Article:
A world of beauty underneath the sea
RICHARD BATSON It is a crab's eye view of a magical underwater world brimming with strange and fascinating creatures. But this is not an exotic coral reef in the crystal clear, sun-warmed seas of the tropics.
It is a crab's eye view of a magical underwater world brimming with strange and fascinating creatures.
But this is not an exotic coral reef in the crystal clear, sun-warmed seas of the tropics.
This real life aquarium is set amid the sunken hulks of shipwrecks off the North Norfolk coast.
To most locals and holidaymakers peering out from the scenic shoreline the sea is a flat, dull expanse, dotted with the occasional fishing or pleasure boat.
But under the surface lie scores of ships whose journeys ended abruptly through warfare and accident. Navy ships, merchant vessels, submarines and older wooden craft rusting and rotting on the seabed now have different “crews” - of crustaceans, fish, sea urchins and anemones using the old hulls as hideaways and anchorages.
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While it is an amazing unseen world to the layman, it is a familiar sight to the many hobby divers who use their pastime to explore the wrecks and record the wildlife there - but which can also throw up surprises.
Helen Nott from the North Norfolk Divers said: “You never know what you are going to see - even if you have dived the same wreck 30 or 40 times.”
Her biggest shock came in a natural chalk gully when she stumbled across a conger eel - sharp-teethed beasts, which can grow up to 2m, and feast on crabs and lobsters, but thankfully not divers.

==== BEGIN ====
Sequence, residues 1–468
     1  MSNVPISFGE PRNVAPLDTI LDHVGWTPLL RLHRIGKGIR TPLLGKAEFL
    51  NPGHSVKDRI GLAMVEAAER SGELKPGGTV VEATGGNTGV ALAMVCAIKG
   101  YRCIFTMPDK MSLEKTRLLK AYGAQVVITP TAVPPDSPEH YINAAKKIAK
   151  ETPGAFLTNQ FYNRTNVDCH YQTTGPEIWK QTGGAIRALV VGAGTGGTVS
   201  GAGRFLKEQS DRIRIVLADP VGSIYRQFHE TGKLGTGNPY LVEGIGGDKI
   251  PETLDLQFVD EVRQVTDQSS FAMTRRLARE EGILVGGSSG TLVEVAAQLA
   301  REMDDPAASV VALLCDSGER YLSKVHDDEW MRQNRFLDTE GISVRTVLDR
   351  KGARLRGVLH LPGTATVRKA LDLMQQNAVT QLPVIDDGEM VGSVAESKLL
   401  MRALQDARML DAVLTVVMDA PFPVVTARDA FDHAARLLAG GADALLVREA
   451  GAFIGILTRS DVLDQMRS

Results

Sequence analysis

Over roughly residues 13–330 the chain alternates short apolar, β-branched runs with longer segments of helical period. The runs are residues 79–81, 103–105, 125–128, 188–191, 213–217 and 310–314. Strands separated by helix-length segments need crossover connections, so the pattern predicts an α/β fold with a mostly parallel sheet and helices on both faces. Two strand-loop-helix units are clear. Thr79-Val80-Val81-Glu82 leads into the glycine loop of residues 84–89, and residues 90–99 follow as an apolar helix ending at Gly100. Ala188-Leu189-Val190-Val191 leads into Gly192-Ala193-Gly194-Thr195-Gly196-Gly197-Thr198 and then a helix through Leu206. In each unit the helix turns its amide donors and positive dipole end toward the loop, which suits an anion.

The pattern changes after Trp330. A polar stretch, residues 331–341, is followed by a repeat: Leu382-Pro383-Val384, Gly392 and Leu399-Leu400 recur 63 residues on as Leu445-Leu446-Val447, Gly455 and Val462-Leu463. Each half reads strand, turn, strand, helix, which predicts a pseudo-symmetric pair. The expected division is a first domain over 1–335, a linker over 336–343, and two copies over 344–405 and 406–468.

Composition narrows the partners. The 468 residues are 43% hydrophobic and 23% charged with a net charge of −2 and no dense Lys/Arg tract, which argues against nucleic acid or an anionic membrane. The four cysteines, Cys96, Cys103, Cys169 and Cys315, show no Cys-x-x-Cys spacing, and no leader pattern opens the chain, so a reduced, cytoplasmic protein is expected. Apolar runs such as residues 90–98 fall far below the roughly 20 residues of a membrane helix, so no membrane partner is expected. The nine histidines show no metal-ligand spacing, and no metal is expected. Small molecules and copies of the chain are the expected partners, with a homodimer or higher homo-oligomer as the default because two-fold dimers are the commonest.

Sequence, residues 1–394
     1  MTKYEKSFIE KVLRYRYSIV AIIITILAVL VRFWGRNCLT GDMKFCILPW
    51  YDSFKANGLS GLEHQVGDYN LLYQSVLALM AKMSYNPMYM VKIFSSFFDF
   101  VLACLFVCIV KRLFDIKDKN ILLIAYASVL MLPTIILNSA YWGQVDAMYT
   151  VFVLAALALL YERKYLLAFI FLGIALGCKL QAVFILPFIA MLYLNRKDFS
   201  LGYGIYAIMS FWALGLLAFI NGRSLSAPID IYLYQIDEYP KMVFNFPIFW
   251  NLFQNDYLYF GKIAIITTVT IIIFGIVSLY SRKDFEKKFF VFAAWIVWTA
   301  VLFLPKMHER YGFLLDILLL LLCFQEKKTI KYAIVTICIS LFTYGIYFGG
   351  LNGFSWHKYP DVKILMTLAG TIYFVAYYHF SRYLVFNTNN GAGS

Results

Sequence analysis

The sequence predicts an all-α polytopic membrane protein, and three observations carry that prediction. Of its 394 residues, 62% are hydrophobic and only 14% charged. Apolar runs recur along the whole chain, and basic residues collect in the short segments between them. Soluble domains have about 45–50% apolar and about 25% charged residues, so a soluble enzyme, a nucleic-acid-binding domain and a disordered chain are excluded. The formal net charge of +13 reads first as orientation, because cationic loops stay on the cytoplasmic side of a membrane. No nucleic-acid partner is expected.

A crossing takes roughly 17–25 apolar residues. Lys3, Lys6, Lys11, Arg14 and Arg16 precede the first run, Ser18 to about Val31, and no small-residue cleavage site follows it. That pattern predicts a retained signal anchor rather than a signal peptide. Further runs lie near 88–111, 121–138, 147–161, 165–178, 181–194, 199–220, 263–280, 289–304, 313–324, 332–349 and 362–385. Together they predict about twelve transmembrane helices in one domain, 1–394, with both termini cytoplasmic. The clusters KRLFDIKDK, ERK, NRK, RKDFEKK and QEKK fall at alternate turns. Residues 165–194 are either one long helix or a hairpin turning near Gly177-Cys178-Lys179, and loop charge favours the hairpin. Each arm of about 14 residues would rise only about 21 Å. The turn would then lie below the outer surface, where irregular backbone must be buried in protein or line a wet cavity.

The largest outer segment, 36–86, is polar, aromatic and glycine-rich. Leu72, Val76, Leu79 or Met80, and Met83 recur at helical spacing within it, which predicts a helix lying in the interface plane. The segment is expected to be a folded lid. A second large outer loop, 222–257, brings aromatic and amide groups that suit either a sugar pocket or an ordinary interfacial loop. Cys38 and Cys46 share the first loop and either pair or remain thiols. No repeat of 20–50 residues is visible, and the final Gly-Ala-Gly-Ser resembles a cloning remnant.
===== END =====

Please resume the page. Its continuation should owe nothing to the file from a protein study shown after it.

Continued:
More fun is swimming among prawns which cling on to passing divers and clean their hands.
Some of the most colourful were cork-wing wrasse, whose males had red faces and blue stripes and are very much “modern men” who build the family nest with mouthfuls of seaweed then babysit the eggs.
There are scores of wrecks along the coast within reach of the diving club's Weybourne beach base. Some are 30m deep, others more typically 10-25m down.
Two of the most popular wrecks for diving are the Rosalea, a 1914 steamship torpedoed by a Germany U-boat, and the sunken coal ship Vera.
Other creatures which had set up home there are delicate spider crabs, shoals of busy bib fish, pretty sea anemones, purple starfish called Blood Henry, and pipe fish which are straightened out seahorses.
The 30-strong diving club whose members range from 18 to 75 is recording the wildlife for an ongoing Sea Search survey database to help build up a clearer picture of what is happening in the hidden world beneath Norfolk's seas.
For more information contact Ms Nott on 01328 830238 or visit www.northnorfolk.ukdiver.com